Richard – I think we were pretty confident it was going to be a good show. And you do feed off the crowd. And the crowds, not just in Paraguay, but all around South America. You know you're going to have a great tour from start to finish from the perspective of the way the crowds are going to engage. I think it's partly because you know that you really only get to go once per album cycle. Maybe. It's not like playing in London where you know there's going to be a few. This is like your one chance and so for us, it's our one chance to bring those songs to that audience. And you can hear this. We all wear monitors in our ears, but you can hear the crowd above that. And Tom always just whips them up into a frenzy and gets the singing along. You know it really gets going and you know it's gonna be loud. So yeah, we knew that would come across well, if we managed to record it and we made a point of bringing Jon Stone, our videographer, along. It was the only tour I think we actually took anyone on. We didn't take anyone on the UK tour. We just brought him to South America, because we really wanted to document that experience. And so yeah, fortunately he got loads of great footage and the audio sounded good so we were able to put out some of the tracks.

Ambassador - Yeah, congratulations, it is fantastic. And do you feel that South America when you're touring is different to other parts of the world ? You talked about their energy. Can you tell you’re in different continents when you're performing?

Richard – Yeah, Tom tends to engage more with the crowd. Because he's right up close and personal. But yeah, you always see the flags and you see the signs. People wave and you start to recognise people as well, that you may have seen the last time or that go to a couple of shows.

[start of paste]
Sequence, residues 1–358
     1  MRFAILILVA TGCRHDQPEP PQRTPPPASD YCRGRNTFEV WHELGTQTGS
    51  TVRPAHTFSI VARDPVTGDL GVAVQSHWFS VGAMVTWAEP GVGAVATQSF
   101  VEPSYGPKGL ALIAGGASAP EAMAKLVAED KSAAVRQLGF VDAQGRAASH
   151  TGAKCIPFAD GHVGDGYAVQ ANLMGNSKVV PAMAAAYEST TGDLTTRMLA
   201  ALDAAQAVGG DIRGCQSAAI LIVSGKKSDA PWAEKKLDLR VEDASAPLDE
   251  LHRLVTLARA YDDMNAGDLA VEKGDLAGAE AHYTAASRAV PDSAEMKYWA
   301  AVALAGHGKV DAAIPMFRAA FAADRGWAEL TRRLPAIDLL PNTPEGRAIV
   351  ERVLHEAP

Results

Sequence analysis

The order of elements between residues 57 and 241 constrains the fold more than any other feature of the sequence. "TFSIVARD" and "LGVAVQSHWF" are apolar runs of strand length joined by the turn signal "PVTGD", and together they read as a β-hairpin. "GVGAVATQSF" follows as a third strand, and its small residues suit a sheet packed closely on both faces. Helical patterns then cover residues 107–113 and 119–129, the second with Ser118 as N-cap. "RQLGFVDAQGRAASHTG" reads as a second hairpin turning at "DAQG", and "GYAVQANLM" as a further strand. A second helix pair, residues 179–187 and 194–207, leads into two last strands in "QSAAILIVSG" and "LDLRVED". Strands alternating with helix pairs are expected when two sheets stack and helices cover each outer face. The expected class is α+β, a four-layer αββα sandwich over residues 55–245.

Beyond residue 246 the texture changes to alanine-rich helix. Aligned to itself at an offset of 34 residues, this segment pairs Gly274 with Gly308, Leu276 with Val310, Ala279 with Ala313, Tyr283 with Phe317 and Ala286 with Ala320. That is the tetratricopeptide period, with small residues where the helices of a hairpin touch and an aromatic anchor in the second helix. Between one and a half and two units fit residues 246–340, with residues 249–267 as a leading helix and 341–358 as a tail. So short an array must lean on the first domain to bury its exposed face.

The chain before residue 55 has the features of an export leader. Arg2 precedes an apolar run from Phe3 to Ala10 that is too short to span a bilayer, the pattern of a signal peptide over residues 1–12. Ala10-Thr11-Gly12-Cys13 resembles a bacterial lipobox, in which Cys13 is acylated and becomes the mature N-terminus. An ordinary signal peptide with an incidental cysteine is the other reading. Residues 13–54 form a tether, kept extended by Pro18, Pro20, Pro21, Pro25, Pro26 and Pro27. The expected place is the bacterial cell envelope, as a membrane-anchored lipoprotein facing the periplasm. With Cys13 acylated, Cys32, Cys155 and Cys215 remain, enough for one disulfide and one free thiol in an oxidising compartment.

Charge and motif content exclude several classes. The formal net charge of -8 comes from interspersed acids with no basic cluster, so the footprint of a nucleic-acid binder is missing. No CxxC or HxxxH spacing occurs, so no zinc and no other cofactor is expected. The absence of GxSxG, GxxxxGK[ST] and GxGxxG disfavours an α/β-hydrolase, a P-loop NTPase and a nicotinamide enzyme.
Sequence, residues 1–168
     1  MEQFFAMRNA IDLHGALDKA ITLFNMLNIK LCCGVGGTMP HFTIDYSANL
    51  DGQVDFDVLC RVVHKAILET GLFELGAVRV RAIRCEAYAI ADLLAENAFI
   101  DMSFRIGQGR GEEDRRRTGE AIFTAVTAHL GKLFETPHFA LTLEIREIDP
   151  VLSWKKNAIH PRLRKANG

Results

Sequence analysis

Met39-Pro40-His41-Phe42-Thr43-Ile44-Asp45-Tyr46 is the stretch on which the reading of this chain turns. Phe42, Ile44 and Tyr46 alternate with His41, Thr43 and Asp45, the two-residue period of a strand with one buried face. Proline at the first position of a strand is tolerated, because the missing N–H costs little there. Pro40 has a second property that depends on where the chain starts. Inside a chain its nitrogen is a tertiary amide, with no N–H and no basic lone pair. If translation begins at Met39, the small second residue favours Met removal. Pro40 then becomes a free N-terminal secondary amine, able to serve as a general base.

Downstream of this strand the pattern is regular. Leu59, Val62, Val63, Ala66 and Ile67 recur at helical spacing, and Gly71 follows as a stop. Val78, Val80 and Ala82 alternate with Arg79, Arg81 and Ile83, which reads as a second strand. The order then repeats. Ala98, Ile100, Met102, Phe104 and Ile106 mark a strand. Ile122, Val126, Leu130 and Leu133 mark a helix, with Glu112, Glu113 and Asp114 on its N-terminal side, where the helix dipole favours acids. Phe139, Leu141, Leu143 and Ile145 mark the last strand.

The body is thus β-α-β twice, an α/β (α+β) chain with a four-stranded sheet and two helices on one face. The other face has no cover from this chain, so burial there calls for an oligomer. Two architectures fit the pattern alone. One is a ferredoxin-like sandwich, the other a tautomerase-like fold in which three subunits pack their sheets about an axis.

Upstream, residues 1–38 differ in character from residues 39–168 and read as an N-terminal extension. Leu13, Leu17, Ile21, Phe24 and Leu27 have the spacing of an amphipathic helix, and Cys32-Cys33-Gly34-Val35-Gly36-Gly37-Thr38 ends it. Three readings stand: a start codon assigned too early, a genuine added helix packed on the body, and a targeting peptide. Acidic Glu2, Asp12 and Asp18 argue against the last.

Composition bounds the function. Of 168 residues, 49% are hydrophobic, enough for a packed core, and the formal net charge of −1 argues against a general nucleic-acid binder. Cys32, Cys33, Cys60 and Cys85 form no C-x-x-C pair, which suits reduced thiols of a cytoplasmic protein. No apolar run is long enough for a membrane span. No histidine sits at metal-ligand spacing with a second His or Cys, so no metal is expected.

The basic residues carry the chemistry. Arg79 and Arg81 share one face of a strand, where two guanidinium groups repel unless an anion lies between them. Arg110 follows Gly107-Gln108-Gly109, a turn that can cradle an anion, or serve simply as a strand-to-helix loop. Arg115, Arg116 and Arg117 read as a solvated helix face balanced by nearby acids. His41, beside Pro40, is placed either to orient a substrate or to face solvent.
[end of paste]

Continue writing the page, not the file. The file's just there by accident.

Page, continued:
Tom – Yeah, for some reason, there seems to be lots and lots of young people, younger people at our shows in Latin America. Of course, they bring a different kind of energy to maybe the people that have been following you for 20 years or whatever. They have this kind of passionate excitement and so it's great. It's great to see the generation who got into Hopes and Fears, but also this whole swathes of younger people, who are getting to see us for the first time, and particularly I think in Latin America. It feels like that contingent in the crowd is more passionate than anywhere else in the world. So that's definitely something we really kind of vibed off in the two times we’ve been.

Ambassador - That's great to hear and Tom knows it. You don't want to see me at your next concert as the old brigade, bothering you? But no I … (laughs)

Tom – We will take all comers.

Ambassador - But I feel old now, when I go to concerts, especially here, and I know that happens obviously. But I totally agree with you about that young energy here. I've been here for months, but it has a really young population, Paraguay, and they have real aspirations, and the music is so important in the culture here. They have their own great sounds, but they're so embracing and you have a distinctive sound as well. In my view, it's not you are a traditional kind of rock band. And for me at least that's something that comes across here. The Paraguayans have their own language. I don't know if you picked up on Guarani, or at least you heard it being spoken, but that's a part from the region. And I think you're sounding away, it's slightly different to the traditional ones. And I think the both two together have really, really, accounted for something in terms of what you have achieved here.

Richard – I think it's an interesting point as well, because we're singing songs in English to a crowd who don't have English as their first language, and yet you get the song sung back to you with such passion. Word perfectly and that's a pretty remarkable experience that I think sometimes we forget how special that is. Actually, it's easy to take it for granted that you're somewhere and people are singing back to you in English.

Ambassador - And looking at the future, what are your plans? Obviously it's been a difficult year for all bands. You know, fingers crossed we get through the pandemic. What's on the pipeline for music and touring?